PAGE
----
Now that the box office numbers have been released, we can finally state Solo: A Star Wars Story just couldn’t live up to expectations. Of course, people are coming forward with different explanations for the film’s disappointing performance. Let’s break them down to try and figure out what happened.
Disney ended up lowering the box office forecasts by quite a lot as Solo reached the May 25, 2018, US release date. Turns out the latest installment in the Star Wars franchise couldn’t even meet those projections. According to Box Office Mojo, Han’s solo adventure came in with a low $84.7 million 3-day gross and a $103 million 4-day gross for the Memorial Day weekend. So, what happened?
Many fans and box office pundits are trying to figure out what led to a new Star Wars movie performing so poorly. Was it Star Wars fatigue? Angry fans? Too much competition? Was the audience just not interested? Was it a combination of everything?
Let’s buckle up and cover some of it!
Too many Star Wars films?
I understand some fans wanting the Star Wars franchise to be a December-only event and thus have Disney release one film a year or even less. However, the MCU is able to release more than one film annually, and they do impressively well at the box office. But yes, considering the foreign numbers the Star Wars franchise is able to bring, I wouldn’t mind getting a single SW film every two years. While I’m not the biggest SW fan out there, I kind of hold the franchise to a higher level than the MCU and don’t want to see it being transformed into a quick cash grabbing machine and fail in the process.
While some trades and fans are saying blockbuster fatigue is kicking in, Dave Hollis (the head of Disney distribution) shared that with Disney’s Star Wars just being four movies in, saying the current box office numbers for Solo were due to Star Wars fatigue isn’t the answer.
“We have a lot of work to do in trying to understand this,” said Hollis. “We are all over it and will spend a lot of time digging into why things happened the way they did in various markets. We have a year and a half before Episode IX comes out.”
Get rid of Kathleen Kennedy?
The disapproval toward Kathleen Kennedy in certain parts of the SW fandom is clear. This has led to a section of the fandom to state a portion of the audience has lost faith in the franchise due to how Kathleen Kennedy has handled it.
The audience losing faith in a franchise is kind of similar to how the DCEU is being perceived. The poor performance of Justice League made Warner Bros. rethink how to handle DC Comics-based films moving forward. Time will tell if Disney will make Kathleen Kennedy course correct the SW franchise, too.
For certain fans, she has ruined Star Wars, especially because she isn’t seen as a fan and wanted to turn the franchise into something she would enjoy rather than what the mass fandom would. Certain fans are still unable to get over how she treated Luke Skywalker in The Last Jedi.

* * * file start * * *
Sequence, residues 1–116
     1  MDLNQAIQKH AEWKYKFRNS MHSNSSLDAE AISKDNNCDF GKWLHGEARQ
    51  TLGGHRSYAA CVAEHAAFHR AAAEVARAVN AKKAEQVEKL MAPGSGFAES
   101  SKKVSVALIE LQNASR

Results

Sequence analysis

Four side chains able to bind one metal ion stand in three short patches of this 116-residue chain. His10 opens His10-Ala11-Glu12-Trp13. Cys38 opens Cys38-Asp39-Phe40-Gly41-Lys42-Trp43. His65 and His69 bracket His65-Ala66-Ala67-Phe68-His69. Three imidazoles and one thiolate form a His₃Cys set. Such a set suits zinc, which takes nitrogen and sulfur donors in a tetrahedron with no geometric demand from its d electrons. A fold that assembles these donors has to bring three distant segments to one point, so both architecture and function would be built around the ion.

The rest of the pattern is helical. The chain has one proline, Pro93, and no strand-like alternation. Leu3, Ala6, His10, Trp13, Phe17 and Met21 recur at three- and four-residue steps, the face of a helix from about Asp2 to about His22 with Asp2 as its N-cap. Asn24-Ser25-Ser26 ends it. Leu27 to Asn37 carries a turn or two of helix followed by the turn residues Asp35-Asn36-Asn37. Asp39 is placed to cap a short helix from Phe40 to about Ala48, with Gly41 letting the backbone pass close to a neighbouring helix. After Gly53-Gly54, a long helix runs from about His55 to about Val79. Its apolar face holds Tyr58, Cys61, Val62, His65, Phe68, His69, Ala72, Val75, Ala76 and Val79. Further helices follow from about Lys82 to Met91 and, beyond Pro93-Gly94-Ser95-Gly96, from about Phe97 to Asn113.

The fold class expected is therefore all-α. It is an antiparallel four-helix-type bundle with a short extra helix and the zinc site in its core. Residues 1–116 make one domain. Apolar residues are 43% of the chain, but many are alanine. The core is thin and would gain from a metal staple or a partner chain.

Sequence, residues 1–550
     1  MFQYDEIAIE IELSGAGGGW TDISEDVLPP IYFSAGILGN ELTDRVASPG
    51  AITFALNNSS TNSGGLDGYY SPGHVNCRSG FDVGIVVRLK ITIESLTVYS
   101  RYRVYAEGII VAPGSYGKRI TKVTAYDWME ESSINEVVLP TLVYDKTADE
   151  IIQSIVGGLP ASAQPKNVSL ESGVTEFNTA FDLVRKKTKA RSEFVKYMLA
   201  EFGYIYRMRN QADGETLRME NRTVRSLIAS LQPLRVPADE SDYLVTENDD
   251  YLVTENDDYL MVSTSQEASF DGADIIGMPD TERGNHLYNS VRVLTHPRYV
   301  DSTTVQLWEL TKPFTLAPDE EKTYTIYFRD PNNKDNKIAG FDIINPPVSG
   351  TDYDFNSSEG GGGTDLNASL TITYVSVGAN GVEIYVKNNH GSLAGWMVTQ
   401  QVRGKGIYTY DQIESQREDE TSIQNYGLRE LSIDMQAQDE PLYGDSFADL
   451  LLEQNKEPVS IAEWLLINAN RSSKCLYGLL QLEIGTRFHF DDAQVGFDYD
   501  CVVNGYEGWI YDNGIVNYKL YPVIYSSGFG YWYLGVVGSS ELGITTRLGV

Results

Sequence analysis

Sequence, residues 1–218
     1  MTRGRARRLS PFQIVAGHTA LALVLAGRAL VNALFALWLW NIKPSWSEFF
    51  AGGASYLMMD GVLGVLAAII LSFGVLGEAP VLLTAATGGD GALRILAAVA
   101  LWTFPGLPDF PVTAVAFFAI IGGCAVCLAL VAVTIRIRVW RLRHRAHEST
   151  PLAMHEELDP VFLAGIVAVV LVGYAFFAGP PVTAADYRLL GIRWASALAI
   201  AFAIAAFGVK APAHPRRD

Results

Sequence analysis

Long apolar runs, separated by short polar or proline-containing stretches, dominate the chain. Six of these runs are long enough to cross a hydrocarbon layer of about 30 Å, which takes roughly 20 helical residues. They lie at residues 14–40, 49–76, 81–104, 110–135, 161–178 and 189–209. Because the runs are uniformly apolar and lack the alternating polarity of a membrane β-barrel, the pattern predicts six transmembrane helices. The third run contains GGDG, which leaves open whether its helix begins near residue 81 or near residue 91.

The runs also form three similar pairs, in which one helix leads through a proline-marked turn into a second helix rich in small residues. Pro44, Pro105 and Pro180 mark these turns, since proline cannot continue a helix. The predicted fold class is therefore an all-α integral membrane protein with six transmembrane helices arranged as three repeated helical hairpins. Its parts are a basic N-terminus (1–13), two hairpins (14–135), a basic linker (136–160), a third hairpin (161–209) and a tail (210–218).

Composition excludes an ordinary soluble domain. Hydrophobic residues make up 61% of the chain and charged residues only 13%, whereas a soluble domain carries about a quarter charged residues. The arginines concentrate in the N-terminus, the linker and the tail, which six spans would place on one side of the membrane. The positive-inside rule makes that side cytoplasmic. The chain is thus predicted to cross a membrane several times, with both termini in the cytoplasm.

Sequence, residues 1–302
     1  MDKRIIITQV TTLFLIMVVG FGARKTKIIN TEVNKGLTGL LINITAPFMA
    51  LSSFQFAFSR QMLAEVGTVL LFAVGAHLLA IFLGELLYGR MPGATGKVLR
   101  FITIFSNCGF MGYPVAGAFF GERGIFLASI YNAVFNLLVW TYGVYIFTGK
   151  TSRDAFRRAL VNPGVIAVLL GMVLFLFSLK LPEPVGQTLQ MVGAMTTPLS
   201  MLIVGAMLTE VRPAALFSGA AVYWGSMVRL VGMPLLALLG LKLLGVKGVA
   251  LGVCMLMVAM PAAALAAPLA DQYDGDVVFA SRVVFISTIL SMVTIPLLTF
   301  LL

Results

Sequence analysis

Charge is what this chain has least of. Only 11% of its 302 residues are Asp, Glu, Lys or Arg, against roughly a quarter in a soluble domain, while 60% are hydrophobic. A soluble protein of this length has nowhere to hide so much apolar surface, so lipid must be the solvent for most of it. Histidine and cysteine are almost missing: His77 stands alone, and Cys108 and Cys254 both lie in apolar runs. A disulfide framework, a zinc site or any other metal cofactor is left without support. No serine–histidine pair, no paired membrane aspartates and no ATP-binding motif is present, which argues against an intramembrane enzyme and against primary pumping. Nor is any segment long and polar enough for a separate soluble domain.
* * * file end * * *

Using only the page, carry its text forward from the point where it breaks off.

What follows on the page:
While a portion of the fandom did laugh at salty fanboys over their reaction to The Last Jedi, their frustration is a reason which led to the Solo boycott. Now, while I’m not sure how much the boycott was able to hurt the film, the fans who boycotted are taking the Solo box office performance as their win, and I wouldn’t be surprised if the boycott continues to affect Star Wars: Episode IX unless the fandom feels Katleen Kennedy is making certain changes. Some fans even suggest Dave Filoni should be brought in to help.
People who did go and see Solo enjoyed it (make sure to read our review). However, the fact certain fans didn’t even want to go and watch the film says something about how they feel about the current state of the franchise.
Allow me to direct you to the video below by an amazing YouTuber named Grace Randolph. While I don’t always agree with her opinions, I appreciate her research skills and how she backs everything up with facts. Her video below sums up a lot of reasons that seem to have played a role in Solo not doing well.
She even touched upon Deadpool 2 dropping 60% during its second weekend, with the film not being able to appeal to a wider female demographic being a reason.
Please share your theories about why Solo: A Star Wars Story couldn’t do well at the box office. Do you think Kathleen Kennedy and Disney will admit certain fans have a problem with the current state of the Star Wars franchise and their disapproval might mean poor numbers in the future?
I look forward to reading your thoughts.
Farid has a Double Masters in Psychology and Biotechnology as well as an M.Phil in Molecular Genetics. He is the author of numerous books including Missing in Somerville, and The Game Master of Somerville. He gives us insight into comics, books, TV shows, anime/manga, video games, and movies.
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